A rare bit of London sunlight gleans through the atrium of the medical museum, as “La Bamba” blasts from the stereo. Human specimens encased in glass jars line the walls as onlookers stop to admire intricately designed depictions of human disease, injury and anatomy—in delicious cake form.
This is not your average cake shop, and these are not your average bakery clientele. Last weekend more than 3,000 people gathered at the St. Bartholomew’s Pathology Museum, housed in a working hospital, to experience Eat Your Heart Out 2012, the world’s grossest cake shop.
The Halloween-inspired project came about when Emma Thomas, a creative director also known as Miss Cakehead, and Carla Connolly, a former mortician, joined together to create a project that aimed to “repulse and educate” the public about medical science. The pair originally met while working on the launch of videogame Resident Evil 6 and have been working together on gory cake-related events since.
This year’s exhibit showcased the work of several British bakeries, all of which were tasked to design cakes and confections around the human condition—from diseases to injuries—while Connolly worked with them to ensure anatomical accuracy. The intricate cakes included ones modeled after a dissected human face, a cancerous lung and a kidney with polycystic disease. And if these didn’t exactly whet your appetite there was always the gruesome cocktails served up by mixologist James Dance, ranging from a Bloody-Mary like drink called Charred Remains to a chocolatey Stool Sample, all served in specimen cups with screw caps.
The weekend even featured a lecture series that focused on issues like sexual health and careers in pathology. During one such lecture Emily Evans, a medical illustrator with a “thirst to dissect,” discussed her career as an instructor at Cambridge University and her fieldwork with British police — including the time she used facial reconstruction techniques to identify an unknown and mostly decomposed murder victim within two days.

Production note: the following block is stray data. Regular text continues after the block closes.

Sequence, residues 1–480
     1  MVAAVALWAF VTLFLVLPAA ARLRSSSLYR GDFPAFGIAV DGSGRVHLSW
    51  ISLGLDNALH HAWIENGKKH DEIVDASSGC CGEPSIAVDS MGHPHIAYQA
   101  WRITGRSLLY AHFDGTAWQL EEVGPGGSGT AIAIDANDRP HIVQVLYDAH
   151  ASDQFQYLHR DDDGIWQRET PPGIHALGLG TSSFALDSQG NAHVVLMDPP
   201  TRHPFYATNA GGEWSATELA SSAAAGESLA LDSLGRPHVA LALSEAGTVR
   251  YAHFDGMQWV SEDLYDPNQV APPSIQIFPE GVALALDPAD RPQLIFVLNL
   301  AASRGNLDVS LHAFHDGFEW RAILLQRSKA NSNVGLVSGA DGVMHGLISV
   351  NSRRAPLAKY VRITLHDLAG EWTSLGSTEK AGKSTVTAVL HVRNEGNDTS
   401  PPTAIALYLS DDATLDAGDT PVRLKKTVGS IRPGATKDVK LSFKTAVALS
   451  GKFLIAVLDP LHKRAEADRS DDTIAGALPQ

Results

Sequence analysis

The location for the cake shop wasn’t an accident. St. Bart’s Pathology Museum has been around since 1879 and contains hundreds of specimens, some of which are over 100 years old. Connolly serves as the museum’s technician and helps maintain the collection through a program of conservation and preservation. Her favorite specimens include the severed finger and tendon of a butcher, accidentally lopped off by a meat hook in nearby Smithfield Market 100 years ago. Another one of her favorites: the scalp of a 14-year-old factory worker, whose hair, now bleached with age, got caught in a piece of machinery. The young girl perished due to shock caused by the accident, Connolly said enthusiastically.
The idea to combine cake with anatomy, Connolly says, is meant to help engage people who would not normally learn about pathology or medical science. She pointed to the shop’s fastest selling item, STI cupcakes, as being an easy way to educate children—and even adults—about the dangers of sexually transmitted infections.
Baker Jenni Powell, owner of Cambridge-based Two Little Cats, made the cupcakes and said she was eager to get involved with the project due to her own background working as a “sexpert” on the Sexual Health Outreach Team at her university.
“Some people have obviously been skeptical about the idea, but I have already had charities in touch saying they think the cupcakes are a great, fun way to raise awareness amongst young people, who turn off quickly when you show them slideshows or leaflets,” Powell says.
A four-cupcake box includes a sampling of cringe-worthy treats with very realistic depictions of some of the most common sexually transmitted diseases—chlamydia, syphilis, gonorrhea, HPV, genital warts and HIV. The flavors also remain unknown but could be anything from a delicious chocolate caramel to a moist and jammy vanilla and raspberry.
“We’ve been getting in orders daily,” Powell adds. “Who knew STD cupcakes would prove so popular?!”